Norfolk and Waveney’s jobless figures fall
Unemployment across Norfolk and Waveney is way below the average numbers across the rest of the country, new statistics show.
The national average for people out of work stands at 7.8pc, compared with 3.4pc in our region, which has remained unchanged for a year.
The number of unemployed young people aged 16 to 24 has fallen by 0.5pc year on year, matching the national average of 5.6pc.
Figures released by the Office for National Statistics (ONS) yesterday showed that the number of unemployed people in Norfolk and Waveney has, on average, remained the same as this time last year, with a small 0.1pc decrease in September and October.
Caroline Williams, chief executive of Norfolk Chamber of Commerce, described the economic climate as 'very challenging'.
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She said: 'The feeling is that the work that Norfolk is doing with apprenticeships is starting to make a real difference. It is very positive to see that employment is starting to stabilise.'
Great Yarmouth has the worst unemployment rate, with 6.1pc of people without a job, which is almost double the Norfolk and Waveney average, despite remaining unchanged from last year's percentage.
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Nationally, a record number of people aged 16 to 64 are in work.
The jobless total fell by 82,000 in the three months to October, to 2.51 million, down by 128,000 on a year ago, the biggest quarterly fall since spring 2001.
Figures showed the number of unemployed young people aged 16-24 in Norfolk and Waveney fell from 6.2pc in November last year, to 5.6pc now – in line with the national trend which saw youth unemployment at 6.3pc in November last year, and its current level of 5.6pc.
Last year unemployment affected 5,825 young people in the region, but it fell by 555 people a year later.
Corrienne Peasgood, the principal of Norwich City College, said the fall in youth unemployment both locally and nationally is welcome news for college students, and that they will continue to support young people into employment by providing the technical and vocational skills.
She said: 'As a Gazelle College, we are working to equip our students with the entrepreneurial mind-set and skills to make them really stand out to potential employers, as well as providing the additional option of being able to start up on their own with support from the college.
'While the jobs market remains a challenging environment for many young people, we have seen a very positive response from employers in Norfolk to calls to create more apprenticeship opportunities to help young people into jobs with good training and prospects.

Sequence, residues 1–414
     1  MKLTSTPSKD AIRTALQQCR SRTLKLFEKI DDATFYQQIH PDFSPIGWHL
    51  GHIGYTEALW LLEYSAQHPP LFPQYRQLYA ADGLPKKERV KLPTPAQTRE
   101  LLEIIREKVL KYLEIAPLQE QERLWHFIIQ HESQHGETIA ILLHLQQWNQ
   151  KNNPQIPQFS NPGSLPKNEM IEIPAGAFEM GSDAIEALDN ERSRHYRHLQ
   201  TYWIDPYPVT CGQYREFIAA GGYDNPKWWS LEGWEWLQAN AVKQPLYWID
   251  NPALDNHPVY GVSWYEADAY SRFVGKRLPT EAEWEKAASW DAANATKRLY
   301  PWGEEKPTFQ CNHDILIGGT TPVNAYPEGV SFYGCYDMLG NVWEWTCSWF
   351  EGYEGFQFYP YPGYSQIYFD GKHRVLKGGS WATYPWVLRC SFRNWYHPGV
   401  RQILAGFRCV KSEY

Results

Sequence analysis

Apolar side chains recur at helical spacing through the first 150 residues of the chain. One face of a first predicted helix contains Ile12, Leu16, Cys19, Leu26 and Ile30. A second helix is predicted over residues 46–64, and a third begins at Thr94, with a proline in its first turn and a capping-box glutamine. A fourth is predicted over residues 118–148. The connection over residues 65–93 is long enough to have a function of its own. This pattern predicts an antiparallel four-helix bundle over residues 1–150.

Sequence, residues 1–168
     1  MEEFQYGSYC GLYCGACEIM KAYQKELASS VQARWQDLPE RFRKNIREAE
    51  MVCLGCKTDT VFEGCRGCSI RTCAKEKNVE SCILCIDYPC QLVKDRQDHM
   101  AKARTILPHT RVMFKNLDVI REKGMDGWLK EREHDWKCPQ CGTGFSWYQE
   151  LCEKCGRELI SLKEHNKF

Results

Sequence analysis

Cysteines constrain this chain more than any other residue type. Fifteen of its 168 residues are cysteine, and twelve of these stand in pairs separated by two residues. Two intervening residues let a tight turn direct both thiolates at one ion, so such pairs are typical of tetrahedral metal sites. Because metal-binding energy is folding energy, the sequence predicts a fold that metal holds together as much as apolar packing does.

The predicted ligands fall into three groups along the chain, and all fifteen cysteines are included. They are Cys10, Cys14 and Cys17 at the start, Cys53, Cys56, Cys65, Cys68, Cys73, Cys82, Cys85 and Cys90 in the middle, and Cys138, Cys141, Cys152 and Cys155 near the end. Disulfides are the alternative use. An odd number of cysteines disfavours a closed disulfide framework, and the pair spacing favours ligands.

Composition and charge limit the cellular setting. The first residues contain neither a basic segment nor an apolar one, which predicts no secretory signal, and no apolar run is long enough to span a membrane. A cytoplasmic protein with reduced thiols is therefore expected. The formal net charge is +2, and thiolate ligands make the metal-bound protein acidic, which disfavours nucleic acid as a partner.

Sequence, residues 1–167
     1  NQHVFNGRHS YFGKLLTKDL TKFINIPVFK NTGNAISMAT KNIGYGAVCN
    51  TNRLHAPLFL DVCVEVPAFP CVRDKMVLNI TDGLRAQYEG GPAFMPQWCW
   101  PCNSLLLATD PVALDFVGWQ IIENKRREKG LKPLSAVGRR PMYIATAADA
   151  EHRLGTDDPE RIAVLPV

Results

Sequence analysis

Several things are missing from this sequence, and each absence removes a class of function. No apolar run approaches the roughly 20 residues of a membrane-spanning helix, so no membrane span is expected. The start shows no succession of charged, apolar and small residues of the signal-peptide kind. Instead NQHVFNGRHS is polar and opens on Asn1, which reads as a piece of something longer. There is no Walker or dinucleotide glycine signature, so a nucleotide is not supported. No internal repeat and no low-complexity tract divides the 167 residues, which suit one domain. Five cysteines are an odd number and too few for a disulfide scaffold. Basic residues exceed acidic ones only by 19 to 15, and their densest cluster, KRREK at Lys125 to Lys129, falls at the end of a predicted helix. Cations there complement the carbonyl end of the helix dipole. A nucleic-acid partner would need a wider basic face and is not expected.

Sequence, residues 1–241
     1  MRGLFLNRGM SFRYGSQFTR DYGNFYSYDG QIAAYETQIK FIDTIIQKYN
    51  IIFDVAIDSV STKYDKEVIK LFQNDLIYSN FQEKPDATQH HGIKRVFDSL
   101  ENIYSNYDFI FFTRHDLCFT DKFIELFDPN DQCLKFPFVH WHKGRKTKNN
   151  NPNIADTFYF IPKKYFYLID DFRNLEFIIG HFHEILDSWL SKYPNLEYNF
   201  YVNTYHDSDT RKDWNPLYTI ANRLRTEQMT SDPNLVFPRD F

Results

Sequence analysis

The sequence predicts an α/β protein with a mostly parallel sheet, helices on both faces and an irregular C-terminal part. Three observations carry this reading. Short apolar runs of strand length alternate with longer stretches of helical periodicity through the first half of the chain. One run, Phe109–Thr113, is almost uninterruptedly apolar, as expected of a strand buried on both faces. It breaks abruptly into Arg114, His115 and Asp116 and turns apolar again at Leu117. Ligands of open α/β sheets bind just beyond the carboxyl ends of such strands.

'We need this trend to continue to provide further openings for those who have yet to secure a job.'
Every area in the region reported a decrease in the number of young people out of work, with Yarmouth seeing the largest fall.
Despite having the worst unemployment in the region, and being above the national average, the borough's numbers went down from 11.6pc last year, to 10.4pc this year.
Bordering counties Cambridgeshire and Suffolk also saw a decrease in their statistics from last year, with 1.7pc unemployment among 16 to 64-year-olds, a 0.1pc decrease from November last year.
And youth unemployment also dropped from 2.8pc last year to 2.5pc now in Suffolk and Cambridgeshire.
Ian Taylor, chief executive officer of SkillsActive, the UK-wide skills champion for sport, active leisure and wellbeing, spoke about the statistic in Suffolk.
He said: 'One of the biggest challenges facing recruiters in Suffolk today is finding young people who are ready for work.
'Vocation based training is the most powerful tool to develop potential, enhance skills and magnify young people's chances of getting work.'
And Chris Starkie, the programme director for the New Anglia Local Enterprise Partnership, which looks at growing the Norfolk and Suffolk economy, said the picture revealed in yesterday's statistics seems to be encouraging.
He said: 'More jobs seem to be being created, and there are some early signs of big encouragement. 'The problem of youth unemployment remains significant and it remains a priority for us all that there isn't a lost generation for young people.'